Back in the Magic Johnson-era eighties, there would have been three or four more exclamation points at the end of “Lakers Win!” More whoop and more screaming till I’m hoarse. In 1982, I was actually at the deciding sixth game against Philadelphia, high-fiving strangers and singing “I Love L.A.” along with Randy Newman.
It’s not the same now. I’m older. And playoff tickets, I heard that “Floor Seats” were going for eighteen thousand dollars apiece. But it’s still quite a rush.
And way better than “Celtics Win!”
The Lakers-Celtics rivalry goes back to the late fifties, the Celtics invariably coming out on top. In fact, before this series, someone quipped that they shouldn’t call it a rivalry; they should call it the Celtics versus the team they beat in the finals.
Not this time.
In 2008, the Celtics did it again, clinching the title with a thirty-nine-point embarrassment that stunk up Laker fans’ memory banks for two years. Even though the Lakers won last year against Orlando, who cares, it was Orlando.
This year, it was the Celtics.
When Anna was little – maybe three or four – the Celtics’ most dominant player was Larry Bird, who would constantly break our hearts with his visceral competitiveness and his last-second heroics. Codifying our chagrin, Anna and I developed what became this ritualized exchange:
“Anna, who do we hate?”
“Because he’s too good.”
Then, in midseason, the Lakers got a new player. I immediately reported the news to my daughter.
“Anna, the Lakers got a new player!”
To which she excitedly replied,
It wasn’t Larry Bird. But such was the respect we had for our arch-nemesis that we both dearly wished that it were.
The current Lakers’ leader is Kobe Bryant, a prodigious talent, but not easy to warm to. Kobe’s intensity exposes flashes of petulance, and a selfish hogging of the ball. Michael Jordan hogged the ball too. I didn’t like him either.
In the deciding game, Kobe’s tightly-woundedness nearly cost the Lakers the championship. The cool thing is, now a savvier thirty-two, Bryant noticed what he was doing:
“I just wanted it so bad…and the more I tried to push, the more it kept getting away from me.”
Kobe’s self-awareness led him to change his approach. Sublimating his offence, he rebounded like a crazy man, and distributed the ball to his teammates.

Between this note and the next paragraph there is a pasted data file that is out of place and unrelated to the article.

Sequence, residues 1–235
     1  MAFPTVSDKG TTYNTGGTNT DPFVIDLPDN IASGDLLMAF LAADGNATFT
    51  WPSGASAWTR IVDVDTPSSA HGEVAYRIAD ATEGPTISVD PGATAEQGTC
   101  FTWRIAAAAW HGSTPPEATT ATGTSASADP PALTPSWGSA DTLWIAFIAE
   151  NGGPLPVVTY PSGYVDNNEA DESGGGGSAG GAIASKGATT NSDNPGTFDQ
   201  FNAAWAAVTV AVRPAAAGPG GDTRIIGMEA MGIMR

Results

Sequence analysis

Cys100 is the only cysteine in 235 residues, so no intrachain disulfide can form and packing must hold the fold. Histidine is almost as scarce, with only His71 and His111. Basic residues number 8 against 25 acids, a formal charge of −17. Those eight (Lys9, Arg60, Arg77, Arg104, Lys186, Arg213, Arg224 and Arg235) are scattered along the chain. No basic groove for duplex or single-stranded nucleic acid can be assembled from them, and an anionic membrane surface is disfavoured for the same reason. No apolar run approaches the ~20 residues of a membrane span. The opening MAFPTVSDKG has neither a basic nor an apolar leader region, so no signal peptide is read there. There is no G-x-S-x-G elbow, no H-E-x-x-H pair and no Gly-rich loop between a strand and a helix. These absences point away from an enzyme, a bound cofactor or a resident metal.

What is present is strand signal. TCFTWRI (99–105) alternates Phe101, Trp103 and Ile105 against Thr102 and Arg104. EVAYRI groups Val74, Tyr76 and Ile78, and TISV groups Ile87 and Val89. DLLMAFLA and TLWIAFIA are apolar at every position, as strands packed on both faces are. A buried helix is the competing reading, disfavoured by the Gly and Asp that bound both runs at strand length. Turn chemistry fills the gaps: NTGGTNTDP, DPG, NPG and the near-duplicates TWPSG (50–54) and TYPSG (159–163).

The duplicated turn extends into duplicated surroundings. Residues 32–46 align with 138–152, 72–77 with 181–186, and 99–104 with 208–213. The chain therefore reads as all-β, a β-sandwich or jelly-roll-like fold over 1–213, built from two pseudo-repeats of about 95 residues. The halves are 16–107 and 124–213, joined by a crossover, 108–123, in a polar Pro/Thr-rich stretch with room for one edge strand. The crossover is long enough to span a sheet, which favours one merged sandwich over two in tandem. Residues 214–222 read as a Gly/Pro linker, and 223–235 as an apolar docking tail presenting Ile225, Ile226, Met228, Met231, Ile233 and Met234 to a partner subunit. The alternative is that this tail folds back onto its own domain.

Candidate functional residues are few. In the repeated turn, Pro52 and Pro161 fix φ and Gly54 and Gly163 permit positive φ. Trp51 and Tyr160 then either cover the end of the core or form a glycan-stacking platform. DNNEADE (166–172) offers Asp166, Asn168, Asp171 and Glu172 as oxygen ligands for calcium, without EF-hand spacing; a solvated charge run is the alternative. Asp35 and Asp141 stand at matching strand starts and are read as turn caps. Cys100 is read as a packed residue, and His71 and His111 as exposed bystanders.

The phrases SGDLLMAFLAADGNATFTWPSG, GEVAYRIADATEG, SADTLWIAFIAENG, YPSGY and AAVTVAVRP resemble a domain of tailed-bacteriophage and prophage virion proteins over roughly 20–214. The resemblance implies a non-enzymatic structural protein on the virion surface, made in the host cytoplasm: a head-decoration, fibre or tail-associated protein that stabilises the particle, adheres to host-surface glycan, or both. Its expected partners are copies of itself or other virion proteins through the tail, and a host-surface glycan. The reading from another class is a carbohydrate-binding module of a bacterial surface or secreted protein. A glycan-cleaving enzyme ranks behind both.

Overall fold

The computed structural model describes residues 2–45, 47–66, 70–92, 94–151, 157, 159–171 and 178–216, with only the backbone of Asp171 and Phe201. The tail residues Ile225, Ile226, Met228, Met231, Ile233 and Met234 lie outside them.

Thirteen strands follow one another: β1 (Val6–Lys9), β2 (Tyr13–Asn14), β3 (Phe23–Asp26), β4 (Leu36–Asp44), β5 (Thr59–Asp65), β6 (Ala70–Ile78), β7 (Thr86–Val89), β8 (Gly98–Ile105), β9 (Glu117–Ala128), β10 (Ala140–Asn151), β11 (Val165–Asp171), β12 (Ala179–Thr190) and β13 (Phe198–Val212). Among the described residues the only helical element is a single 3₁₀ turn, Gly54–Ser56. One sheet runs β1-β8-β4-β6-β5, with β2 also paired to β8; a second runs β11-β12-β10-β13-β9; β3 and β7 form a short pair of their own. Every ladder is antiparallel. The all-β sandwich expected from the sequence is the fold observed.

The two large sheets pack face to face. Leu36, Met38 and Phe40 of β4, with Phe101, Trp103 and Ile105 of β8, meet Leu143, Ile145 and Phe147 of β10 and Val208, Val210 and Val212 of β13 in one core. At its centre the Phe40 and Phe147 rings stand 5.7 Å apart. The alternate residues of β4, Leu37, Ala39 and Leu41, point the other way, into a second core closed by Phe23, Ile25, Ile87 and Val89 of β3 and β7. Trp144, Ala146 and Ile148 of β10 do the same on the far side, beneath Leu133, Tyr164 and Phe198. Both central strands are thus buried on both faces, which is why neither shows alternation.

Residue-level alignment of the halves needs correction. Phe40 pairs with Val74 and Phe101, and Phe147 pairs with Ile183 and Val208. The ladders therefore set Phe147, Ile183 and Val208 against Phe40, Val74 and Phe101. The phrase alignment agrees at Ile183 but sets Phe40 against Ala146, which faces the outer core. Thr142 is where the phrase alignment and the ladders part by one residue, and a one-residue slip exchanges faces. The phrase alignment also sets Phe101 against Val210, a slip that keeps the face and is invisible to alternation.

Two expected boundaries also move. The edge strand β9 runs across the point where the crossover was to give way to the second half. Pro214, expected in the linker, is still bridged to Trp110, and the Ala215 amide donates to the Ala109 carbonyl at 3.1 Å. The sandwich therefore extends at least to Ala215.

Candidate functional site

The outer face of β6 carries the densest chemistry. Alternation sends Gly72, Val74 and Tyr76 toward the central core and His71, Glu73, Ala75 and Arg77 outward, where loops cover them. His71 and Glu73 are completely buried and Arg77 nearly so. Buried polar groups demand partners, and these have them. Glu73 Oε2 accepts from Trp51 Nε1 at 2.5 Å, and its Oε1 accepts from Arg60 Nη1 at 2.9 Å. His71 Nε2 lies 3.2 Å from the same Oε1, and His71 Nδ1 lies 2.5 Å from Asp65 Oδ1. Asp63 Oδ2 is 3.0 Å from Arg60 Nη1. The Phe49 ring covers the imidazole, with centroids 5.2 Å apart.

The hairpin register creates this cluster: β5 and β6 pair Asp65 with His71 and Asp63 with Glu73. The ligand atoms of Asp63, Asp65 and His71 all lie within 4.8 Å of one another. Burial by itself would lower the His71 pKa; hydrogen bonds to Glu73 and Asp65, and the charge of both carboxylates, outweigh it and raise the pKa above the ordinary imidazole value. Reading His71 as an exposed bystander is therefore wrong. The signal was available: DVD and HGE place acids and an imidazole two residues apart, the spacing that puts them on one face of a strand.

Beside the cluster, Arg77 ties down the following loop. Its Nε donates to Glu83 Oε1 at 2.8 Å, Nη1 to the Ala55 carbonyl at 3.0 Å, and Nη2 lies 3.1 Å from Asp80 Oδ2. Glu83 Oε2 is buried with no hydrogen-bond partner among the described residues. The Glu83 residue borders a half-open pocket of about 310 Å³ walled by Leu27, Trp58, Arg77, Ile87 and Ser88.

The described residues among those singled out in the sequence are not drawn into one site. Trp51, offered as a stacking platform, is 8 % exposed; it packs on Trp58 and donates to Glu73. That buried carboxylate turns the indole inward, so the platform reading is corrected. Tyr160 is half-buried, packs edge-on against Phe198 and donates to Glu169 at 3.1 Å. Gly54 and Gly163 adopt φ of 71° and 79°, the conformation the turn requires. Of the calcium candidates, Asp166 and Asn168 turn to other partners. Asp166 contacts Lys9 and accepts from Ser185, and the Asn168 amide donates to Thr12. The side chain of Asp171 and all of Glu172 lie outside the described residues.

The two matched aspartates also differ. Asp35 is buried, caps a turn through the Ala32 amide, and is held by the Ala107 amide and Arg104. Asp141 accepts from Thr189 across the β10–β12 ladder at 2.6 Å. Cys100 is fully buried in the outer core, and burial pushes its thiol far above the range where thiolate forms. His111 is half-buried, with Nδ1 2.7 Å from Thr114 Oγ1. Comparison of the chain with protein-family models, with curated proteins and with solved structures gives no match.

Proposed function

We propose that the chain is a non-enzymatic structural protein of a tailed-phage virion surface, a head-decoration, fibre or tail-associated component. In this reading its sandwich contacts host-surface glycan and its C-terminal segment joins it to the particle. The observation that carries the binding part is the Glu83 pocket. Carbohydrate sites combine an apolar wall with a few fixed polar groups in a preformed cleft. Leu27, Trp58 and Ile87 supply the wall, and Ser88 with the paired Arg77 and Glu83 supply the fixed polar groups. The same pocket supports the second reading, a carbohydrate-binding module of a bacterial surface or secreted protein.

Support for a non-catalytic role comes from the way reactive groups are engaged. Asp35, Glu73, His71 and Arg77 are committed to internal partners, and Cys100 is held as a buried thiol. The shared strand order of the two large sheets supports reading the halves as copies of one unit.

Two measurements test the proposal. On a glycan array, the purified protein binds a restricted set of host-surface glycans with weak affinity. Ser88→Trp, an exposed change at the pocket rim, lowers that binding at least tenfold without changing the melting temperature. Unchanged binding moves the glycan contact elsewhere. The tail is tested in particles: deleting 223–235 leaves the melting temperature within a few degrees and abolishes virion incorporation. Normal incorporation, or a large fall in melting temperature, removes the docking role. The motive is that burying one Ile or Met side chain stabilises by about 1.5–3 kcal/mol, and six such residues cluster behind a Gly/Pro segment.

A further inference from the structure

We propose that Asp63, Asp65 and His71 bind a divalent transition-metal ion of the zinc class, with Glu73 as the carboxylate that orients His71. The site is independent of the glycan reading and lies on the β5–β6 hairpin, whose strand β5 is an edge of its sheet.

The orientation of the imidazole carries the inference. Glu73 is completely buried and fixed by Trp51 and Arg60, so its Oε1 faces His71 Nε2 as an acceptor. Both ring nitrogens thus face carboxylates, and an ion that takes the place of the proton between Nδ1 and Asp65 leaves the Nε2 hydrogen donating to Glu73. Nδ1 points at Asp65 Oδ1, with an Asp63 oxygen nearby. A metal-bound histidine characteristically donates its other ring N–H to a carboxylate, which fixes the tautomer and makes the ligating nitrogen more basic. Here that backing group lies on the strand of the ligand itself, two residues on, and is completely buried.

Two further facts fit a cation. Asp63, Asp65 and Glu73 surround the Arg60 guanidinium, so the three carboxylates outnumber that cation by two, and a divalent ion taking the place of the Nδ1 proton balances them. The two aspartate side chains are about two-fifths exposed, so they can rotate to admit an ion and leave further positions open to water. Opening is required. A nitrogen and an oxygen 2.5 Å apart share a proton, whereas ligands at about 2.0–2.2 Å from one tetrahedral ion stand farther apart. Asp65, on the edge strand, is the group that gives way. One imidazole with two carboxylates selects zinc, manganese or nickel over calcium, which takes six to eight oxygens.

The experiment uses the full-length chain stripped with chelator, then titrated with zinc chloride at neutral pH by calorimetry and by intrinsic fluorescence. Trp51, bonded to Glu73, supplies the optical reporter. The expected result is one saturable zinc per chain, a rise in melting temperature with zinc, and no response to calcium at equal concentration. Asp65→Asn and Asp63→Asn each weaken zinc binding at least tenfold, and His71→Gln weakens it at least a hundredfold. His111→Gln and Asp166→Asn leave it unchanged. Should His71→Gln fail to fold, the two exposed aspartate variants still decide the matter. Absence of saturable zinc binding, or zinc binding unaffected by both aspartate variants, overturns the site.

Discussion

Derek Fisher, berated all season on sports call-in shows as over the hill, drained a crucial three-pointer in the determining fourth quarter.
Free agent acquisition Ron Artest, arriving with a “loose cannon” reputation, (Also self-aware, Artest thanked his psychiatrist during a post-game interview), shone with his timely scoring and stone wall defence.
Seldom-used (but very attractive) Sacha Vujacic, who played all of four minutes, came in and sank two essential free throws in the final seconds of the game.
And Pal Gasol, “The Spaniard” as Kobe affectionately called him in the post-came Lovefest, a man who not entirely unfairly received the blame for the “Shame of ‘08” blowout, labeled “too soft” in his European finesse style of play, shredded the stereotype by battling for offensive rebounds, while also contributing 19 points and four valuable assists.
“Game Seven” wasn’t pretty. The referees let things get rough and at times it looked like it was turning into a hockey game. Both teams missed considerably more shots than they made, and in the first half, the Lakers, in particular, looked tight.
Sometimes, sports is about athleticism. Sometimes, it’s about delivering in the clutch. Sometimes, it’s about strategy. Sometimes – as it was this time – it’s about will. (One Laker correctly observed “We wanted it more.”) And sometimes, though it’s under-acknowledged, it’s about emotion.
But it’s always about something.
That’s why I watch.
And when your team wins, well, you get to float a little.
Until it all starts again, next year.